**Symbolic Linear Algebra**

You can perform operations with symbolic matrices in much the same way as .with numeric matrices. Here we give examples of finding matrix products, the matrix inverse, eigenvalues, and the characteristic polynomial of a matrix Remember that using symbolic matrices avoids numerical imprecision in subsequent operations. You can create a symbolic matrix from a numeric matrix in several ways, as shown in the following session:

»A = sym([3, 5; 2, 7]); % the most direct method

»B = [3, 5; 2, 7];

»C = sym(S);%B is preserved as a numeric matrix

»D = subs (A, t 3, 5; 2, 7]);

The first method is the most direct. Use the second method when you want to keep a numeric version of the matrix. The matrices A and C are symbolic and identical. The matrices Band Dlook like A and C but are numeric of class double. You can create a symbolic matrix consisting of functions. For example, the relationship between the coordinates (X2. Y2) of a coordinate system rotated

counterclockwise through an angle a relative to the (x l s YI) coodinate system is

X2 = XI cosa +YI sina

Y2 = YI cosa – XI sina

These equations can be expressed in matrix form as

The symbolic matrix R.can be defined in MATLAB as follows:

»syrns a

»R = [cos(a), sin(a); -sin(a), cos(a) 1

R

cos (a),

-sin (a),

sin(a) 1

cos(a) 1

If we rotate the coordinate system twice by the same angle to produce a third coordinate system (X3, Y3), the result is the same as a single rotation with twice the angle. Let us see if MATLAB gives that result. The vector-matrix equation is = R = RR

Thus R(a)R(a) should be the same as R(2a). Continue the previous session as

follows:

»Q = R*R

Q

cos(a)A2-sin(a)A2, 2*cos(a)*sin(a)

[ -2*cos(a)*sin(a), cos(a)A2-sin(a)A2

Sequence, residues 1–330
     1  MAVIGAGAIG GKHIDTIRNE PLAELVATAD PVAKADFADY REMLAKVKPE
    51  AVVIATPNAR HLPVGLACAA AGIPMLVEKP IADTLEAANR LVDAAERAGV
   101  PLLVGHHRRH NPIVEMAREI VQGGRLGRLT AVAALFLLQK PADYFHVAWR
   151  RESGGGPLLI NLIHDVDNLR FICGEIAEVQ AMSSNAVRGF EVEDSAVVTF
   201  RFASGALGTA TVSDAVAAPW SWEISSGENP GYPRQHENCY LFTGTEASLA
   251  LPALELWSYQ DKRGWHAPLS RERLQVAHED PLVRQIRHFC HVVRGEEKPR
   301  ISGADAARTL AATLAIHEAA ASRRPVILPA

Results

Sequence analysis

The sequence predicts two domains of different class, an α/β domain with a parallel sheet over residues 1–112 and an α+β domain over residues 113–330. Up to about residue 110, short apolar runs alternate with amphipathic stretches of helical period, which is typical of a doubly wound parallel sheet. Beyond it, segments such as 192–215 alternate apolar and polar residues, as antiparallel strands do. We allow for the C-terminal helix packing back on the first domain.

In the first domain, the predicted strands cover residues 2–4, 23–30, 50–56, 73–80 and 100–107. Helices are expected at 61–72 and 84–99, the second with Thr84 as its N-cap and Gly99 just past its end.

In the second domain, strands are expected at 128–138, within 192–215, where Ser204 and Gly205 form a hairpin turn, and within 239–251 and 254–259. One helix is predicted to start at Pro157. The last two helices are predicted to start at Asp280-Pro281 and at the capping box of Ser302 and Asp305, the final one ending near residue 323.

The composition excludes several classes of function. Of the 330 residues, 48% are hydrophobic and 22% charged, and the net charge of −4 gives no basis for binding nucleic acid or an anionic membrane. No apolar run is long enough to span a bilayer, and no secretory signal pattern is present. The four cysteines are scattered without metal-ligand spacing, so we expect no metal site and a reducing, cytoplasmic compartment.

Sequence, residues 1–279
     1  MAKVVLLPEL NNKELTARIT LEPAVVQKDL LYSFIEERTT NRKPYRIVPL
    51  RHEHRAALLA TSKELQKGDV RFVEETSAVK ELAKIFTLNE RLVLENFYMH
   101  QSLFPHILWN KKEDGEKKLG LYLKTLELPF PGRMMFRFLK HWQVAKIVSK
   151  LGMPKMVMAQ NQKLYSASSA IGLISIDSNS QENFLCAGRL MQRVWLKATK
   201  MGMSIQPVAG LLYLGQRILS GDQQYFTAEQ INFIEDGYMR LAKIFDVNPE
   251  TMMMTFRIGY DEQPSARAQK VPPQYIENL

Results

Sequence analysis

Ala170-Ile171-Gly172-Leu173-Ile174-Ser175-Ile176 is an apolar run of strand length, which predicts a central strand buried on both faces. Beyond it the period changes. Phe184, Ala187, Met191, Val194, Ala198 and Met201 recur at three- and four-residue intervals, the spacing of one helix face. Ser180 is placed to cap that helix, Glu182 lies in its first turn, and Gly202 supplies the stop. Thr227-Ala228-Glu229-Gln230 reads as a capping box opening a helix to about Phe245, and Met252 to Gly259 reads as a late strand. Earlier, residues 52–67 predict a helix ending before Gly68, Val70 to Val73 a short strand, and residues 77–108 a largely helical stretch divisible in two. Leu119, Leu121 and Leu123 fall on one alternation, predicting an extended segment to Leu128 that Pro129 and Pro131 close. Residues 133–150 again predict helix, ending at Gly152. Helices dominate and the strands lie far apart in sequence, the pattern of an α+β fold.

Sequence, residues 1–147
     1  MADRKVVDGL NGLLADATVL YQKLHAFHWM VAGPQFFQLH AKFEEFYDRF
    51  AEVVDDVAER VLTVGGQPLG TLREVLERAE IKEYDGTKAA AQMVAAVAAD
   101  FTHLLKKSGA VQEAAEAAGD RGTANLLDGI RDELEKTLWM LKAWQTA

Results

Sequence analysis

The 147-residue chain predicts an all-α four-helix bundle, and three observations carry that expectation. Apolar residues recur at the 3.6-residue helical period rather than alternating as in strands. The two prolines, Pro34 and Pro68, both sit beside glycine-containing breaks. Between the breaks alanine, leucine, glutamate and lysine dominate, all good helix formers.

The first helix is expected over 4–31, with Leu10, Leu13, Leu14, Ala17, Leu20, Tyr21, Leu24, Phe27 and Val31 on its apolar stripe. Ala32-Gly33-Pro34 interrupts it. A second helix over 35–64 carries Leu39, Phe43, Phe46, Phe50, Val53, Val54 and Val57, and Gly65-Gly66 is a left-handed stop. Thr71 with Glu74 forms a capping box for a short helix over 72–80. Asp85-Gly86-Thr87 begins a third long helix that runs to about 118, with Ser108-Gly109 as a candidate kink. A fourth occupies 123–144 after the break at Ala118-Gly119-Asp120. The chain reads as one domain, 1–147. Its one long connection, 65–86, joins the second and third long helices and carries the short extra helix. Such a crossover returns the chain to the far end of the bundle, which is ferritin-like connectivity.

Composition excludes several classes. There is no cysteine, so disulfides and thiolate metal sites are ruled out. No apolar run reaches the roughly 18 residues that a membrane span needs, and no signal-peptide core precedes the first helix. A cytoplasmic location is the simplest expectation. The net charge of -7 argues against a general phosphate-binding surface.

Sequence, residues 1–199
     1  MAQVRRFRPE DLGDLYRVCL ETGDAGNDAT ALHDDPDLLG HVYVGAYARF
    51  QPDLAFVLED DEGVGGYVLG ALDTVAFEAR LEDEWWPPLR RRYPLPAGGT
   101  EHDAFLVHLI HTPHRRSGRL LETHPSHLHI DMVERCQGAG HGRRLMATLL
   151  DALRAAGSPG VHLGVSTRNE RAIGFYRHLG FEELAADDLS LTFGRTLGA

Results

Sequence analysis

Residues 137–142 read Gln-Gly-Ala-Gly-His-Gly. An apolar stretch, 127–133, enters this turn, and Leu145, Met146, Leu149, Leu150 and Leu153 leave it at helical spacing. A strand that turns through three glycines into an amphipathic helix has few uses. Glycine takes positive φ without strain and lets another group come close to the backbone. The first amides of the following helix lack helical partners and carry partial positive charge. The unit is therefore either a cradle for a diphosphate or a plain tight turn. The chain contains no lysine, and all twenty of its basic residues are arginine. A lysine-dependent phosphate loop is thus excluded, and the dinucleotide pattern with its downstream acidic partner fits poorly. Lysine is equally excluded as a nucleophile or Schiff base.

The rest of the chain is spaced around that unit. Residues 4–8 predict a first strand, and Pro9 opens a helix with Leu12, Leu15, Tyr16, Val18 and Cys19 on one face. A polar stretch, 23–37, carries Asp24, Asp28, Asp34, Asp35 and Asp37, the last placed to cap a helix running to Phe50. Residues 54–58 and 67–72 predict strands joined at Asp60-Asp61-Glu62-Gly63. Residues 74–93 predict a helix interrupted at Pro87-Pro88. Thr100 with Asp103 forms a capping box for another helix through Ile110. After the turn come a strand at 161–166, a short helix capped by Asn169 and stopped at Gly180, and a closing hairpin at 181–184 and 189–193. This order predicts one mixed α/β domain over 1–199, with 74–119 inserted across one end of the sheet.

»Q = sirnple(Q)

Q =

cos(2*a), sin(2*a)

-sin(2*a), cos(2*a)

The matrix Q is the same as R(2a), as we suspected. To evaluate a matrix numerically, use the subs and double functions. For example, for a rotation of a = 1r/4 rad (45°),

»R = subs(R,a,p

**Characteristic polynom1 and Roots**

Sets of first-order differential equations can be expressed in vector-matrix notation as

10.6 Symbolic Linear Algebra 633 x=Ax+Bf(t)

whereX is the vector of dependent variables and r(t) is a vectorccntaining the forcing functions. For example, the equation set

XI = X2

X2 = -kxl – 2X2 + f(t)

comes from the equation of motion of a mass connected to a spring and sliding on a surface having viscous friction. The term f(t) is the applied force acting on the mass. For this set the vector x and the matrices A and B are

B = The equation 151- AI = 0 is the characteristic equation of the model.where 5 represents the characteristic roots of the model. Use the poly (A)function to find this polynomial, and note that MATLAB uses the default symbolic variable x to represent the roots. For example, to find the characteristic equation and solve

for the roots in terms of the spring constant k, use the following session:

»syms k

»A = [0 ,1i-k, -z r •

»poly(A)

ans =

x”2+2*x+k

»solve(ans)

ans

[ -1+(1-k)”(1/2)

[ -1- (l-k) A (1/2)

Thus the roots are 5 = -1 ± .;r-=k.

Use the eig (A) function to find the roots directly without finding the char-‘ acteristic equation (eig stands for “eigenvalue,” which is another term for “characteristic

root”). For example,

»syms k

»A = [0 ,1i-k, -2]i

»eig(A)

ans =

-1+(1-k)”(1/2)

-1- (l-k)” (1/2) 1

You can use the inv (A) and det; (A) functions to invert and find the tenninant of a matrix symbolically. For example, using the same matrix A the previous session,

>::>inv(A)

ans =

[-2/k, -11k J

[ I, a J

»A*ans % verify that the inverse is correct

ans =

[ I, a

[. a I 1

»det(A)

ans =

k

**Solving Linear Algebraic Equations**

You can use matrix methods in M~TLAB to solve linear algebraic equa•.••.a•• sym . By. You can use the matrix inverse method, if the inverse exis t-division method (see Chapter 6 for a discussion of these methods .

example, to solve the set

2x – 3y = 3

5x +cy = 19

using both methods, the session is

»syms c

»A = sym( [2, -3; 5, cJ);

»b = sym( [3; 19J);

»x = inv(A)*b % the matrix inverse method

x =

[3*c/(2*c+15)+57/(?*c+15)J

[231 (2*c+15) J

»x = A\b % the left-division method

. x =

[3*(19+c)/(2*c+15)J

[231 (2-*c+15) J

.Although the results appear to be different, they both reduce to the same sol

x = 3(19 + c)/(2c + 15), y = 23/(2c + 15).

Table 10.6-1 summarizes the functions used in this section. Note that

**Test Your Understanding**

110.6-1 Consider three successive coordinate rotations using the same angle a. Show that the product RRR of the rotation matrix R(a) given by (10.6-1) equals R(3a).

110.6-2 Find the characteristic polynomial and roots of the following matrix.

A = (Answers: s2 +7s + 10+ 3k and s = (-7 ± ../9 – 12k)/2.)

110.6-3 Use the matrix inverse and the left-division method to solve the following

set.

-:-4x +6y = -2c

7x -4y = 23

(Answer: x = (69 – 4c)/13, y = (46 – 7c)/13.)